by Kevin Krajick
Featuring research by Amrita Neelakantan, Columbia University
It is the black before dawn at the gate to the Kanha Tiger Reserve, in the highlands of central India. The still air carries a dank, penetrating chill. But it is hardly quiet. A buzzing line of tourists is forming at the ticket booth, peddlers are pouring steaming cups of tea. Groups of green-uniformed rangers chat at the entrance. Across the street, dozens of drivers are forming up a military-type vehicle convoy, ready for the visitors to board for the daily sunrise invasion of drive-through safaris.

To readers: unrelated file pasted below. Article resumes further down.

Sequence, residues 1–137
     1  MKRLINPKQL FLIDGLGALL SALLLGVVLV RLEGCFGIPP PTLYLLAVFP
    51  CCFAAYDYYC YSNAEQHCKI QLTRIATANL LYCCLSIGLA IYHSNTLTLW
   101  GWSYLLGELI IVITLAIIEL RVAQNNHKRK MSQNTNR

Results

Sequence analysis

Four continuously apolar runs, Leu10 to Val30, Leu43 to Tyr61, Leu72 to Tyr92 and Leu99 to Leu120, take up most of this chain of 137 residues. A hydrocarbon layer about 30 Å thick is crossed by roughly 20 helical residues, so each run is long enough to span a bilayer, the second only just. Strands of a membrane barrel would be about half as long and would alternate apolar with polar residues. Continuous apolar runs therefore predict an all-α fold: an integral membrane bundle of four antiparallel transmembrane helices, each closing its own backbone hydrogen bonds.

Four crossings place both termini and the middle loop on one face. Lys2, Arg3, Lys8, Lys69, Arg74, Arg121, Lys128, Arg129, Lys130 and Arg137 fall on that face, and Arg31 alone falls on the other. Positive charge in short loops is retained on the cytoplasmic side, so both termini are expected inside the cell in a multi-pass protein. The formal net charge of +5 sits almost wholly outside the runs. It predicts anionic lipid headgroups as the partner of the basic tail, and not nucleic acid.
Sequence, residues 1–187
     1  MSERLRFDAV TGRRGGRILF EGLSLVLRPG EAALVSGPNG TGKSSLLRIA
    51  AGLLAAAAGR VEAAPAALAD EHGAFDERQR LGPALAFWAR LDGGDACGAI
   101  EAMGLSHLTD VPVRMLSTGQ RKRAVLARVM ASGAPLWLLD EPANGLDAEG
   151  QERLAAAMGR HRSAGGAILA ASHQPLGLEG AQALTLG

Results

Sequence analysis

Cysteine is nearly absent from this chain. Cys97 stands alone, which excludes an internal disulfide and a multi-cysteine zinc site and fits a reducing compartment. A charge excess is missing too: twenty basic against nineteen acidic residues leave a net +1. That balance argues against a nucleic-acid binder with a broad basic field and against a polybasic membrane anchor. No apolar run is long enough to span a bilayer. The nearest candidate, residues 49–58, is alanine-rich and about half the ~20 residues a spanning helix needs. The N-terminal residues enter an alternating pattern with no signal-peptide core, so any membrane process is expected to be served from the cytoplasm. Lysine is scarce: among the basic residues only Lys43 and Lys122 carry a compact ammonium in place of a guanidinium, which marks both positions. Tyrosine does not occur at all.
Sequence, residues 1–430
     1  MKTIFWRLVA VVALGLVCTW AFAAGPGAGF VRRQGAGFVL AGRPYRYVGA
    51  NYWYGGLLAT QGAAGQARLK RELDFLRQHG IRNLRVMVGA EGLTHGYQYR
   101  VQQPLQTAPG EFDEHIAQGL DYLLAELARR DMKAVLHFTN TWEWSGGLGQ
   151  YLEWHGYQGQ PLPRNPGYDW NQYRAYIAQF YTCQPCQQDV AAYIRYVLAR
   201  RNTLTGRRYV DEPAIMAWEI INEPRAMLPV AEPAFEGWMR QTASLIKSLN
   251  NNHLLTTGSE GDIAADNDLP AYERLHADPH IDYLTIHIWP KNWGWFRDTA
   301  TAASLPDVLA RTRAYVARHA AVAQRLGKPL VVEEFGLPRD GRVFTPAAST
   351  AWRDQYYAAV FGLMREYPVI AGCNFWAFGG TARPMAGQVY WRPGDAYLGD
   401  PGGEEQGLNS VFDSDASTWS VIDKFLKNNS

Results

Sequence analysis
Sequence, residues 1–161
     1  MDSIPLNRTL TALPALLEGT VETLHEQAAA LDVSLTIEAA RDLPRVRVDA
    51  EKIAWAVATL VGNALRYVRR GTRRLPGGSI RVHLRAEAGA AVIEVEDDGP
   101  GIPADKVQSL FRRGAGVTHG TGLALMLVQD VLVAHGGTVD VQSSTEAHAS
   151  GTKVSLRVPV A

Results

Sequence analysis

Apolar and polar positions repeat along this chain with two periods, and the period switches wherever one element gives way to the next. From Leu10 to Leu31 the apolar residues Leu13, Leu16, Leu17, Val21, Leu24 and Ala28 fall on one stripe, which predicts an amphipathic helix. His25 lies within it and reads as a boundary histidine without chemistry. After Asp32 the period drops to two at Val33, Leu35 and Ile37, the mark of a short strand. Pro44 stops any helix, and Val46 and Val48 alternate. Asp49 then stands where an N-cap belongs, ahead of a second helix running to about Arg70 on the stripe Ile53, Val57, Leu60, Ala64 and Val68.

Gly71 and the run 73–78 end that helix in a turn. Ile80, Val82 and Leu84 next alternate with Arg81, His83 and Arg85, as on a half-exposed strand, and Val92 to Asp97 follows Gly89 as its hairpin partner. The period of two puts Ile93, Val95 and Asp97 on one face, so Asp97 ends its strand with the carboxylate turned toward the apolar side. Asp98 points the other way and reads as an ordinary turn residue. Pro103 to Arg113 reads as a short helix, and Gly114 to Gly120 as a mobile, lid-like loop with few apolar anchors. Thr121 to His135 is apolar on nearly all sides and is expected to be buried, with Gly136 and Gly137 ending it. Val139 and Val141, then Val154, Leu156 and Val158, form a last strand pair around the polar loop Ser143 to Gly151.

It was Kanha’s lushly forested hills and ravines that inspired Rudyard Kipling’s famous story collection The Jungle Book, and it is a must-do tourist stop. Unlike much of rapidly developing India, it abounds in wildlife; it is home not only to Bengal tigers, but leopards, sloth bears, unique deer species and other rare and endangered creatures. The 360-square-mile park used to be home also to at least 1,500 extended families, but not anymore. The government started moving them out in the 1970s, and nudged out the last stragglers in 2015. This, theoretically, has been good for the fauna and flora. Whether it has been good for the people is a separate question.